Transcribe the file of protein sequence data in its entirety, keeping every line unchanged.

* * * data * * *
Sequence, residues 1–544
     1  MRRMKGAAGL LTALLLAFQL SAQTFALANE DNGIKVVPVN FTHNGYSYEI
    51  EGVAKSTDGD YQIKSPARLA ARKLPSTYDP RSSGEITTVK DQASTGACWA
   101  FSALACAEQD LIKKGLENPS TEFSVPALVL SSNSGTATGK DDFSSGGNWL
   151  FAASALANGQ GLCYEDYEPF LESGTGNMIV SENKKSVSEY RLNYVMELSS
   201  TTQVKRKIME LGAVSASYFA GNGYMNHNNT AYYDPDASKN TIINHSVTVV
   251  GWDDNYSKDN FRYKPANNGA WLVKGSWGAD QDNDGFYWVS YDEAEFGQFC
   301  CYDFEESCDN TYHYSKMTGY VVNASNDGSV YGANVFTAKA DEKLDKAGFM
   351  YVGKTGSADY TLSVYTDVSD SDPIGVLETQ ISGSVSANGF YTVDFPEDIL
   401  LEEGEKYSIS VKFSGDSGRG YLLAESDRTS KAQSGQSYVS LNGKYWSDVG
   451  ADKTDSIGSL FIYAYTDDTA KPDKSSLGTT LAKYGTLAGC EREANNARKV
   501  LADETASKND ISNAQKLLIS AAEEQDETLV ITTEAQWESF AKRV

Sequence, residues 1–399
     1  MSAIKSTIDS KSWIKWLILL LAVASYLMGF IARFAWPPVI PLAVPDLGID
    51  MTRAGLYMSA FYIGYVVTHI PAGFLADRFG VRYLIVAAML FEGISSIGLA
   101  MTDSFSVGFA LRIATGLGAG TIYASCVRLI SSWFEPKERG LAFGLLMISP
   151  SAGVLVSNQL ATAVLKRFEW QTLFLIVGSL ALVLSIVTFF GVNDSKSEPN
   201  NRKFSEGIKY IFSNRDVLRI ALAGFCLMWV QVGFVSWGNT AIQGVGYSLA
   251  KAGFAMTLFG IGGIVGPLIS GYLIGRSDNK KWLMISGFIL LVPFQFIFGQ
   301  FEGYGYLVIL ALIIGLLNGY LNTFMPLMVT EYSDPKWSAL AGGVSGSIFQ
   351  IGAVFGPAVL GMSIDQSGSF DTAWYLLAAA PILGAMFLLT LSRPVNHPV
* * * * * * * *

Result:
Sequence, residues 1–544
     1  MRRMKGAAGL LTALLLAFQL SAQTFALANE DNGIKVVPVN FTHNGYSYEI
    51  EGVAKSTDGD YQIKSPARLA ARKLPSTYDP RSSGEITTVK DQASTGACWA
   101  FSALACAEQD LIKKGLENPS TEFSVPALVL SSNSGTATGK DDFSSGGNWL
   151  FAASALANGQ GLCYEDYEPF LESGTGNMIV SENKKSVSEY RLNYVMELSS
   201  TTQVKRKIME LGAVSASYFA GNGYMNHNNT AYYDPDASKN TIINHSVTVV
   251  GWDDNYSKDN FRYKPANNGA WLVKGSWGAD QDNDGFYWVS YDEAEFGQFC
   301  CYDFEESCDN TYHYSKMTGY VVNASNDGSV YGANVFTAKA DEKLDKAGFM
   351  YVGKTGSADY TLSVYTDVSD SDPIGVLETQ ISGSVSANGF YTVDFPEDIL
   401  LEEGEKYSIS VKFSGDSGRG YLLAESDRTS KAQSGQSYVS LNGKYWSDVG
   451  ADKTDSIGSL FIYAYTDDTA KPDKSSLGTT LAKYGTLAGC EREANNARKV
   501  LADETASKND ISNAQKLLIS AAEEQDETLV ITTEAQWESF AKRV

Sequence, residues 1–399
     1  MSAIKSTIDS KSWIKWLILL LAVASYLMGF IARFAWPPVI PLAVPDLGID
    51  MTRAGLYMSA FYIGYVVTHI PAGFLADRFG VRYLIVAAML FEGISSIGLA
   101  MTDSFSVGFA LRIATGLGAG TIYASCVRLI SSWFEPKERG LAFGLLMISP
   151  SAGVLVSNQL ATAVLKRFEW QTLFLIVGSL ALVLSIVTFF GVNDSKSEPN
   201  NRKFSEGIKY IFSNRDVLRI ALAGFCLMWV QVGFVSWGNT AIQGVGYSLA
   251  KAGFAMTLFG IGGIVGPLIS GYLIGRSDNK KWLMISGFIL LVPFQFIFGQ
   301  FEGYGYLVIL ALIIGLLNGY LNTFMPLMVT EYSDPKWSAL AGGVSGSIFQ
   351  IGAVFGPAVL GMSIDQSGSF DTAWYLLAAA PILGAMFLLT LSRPVNHPV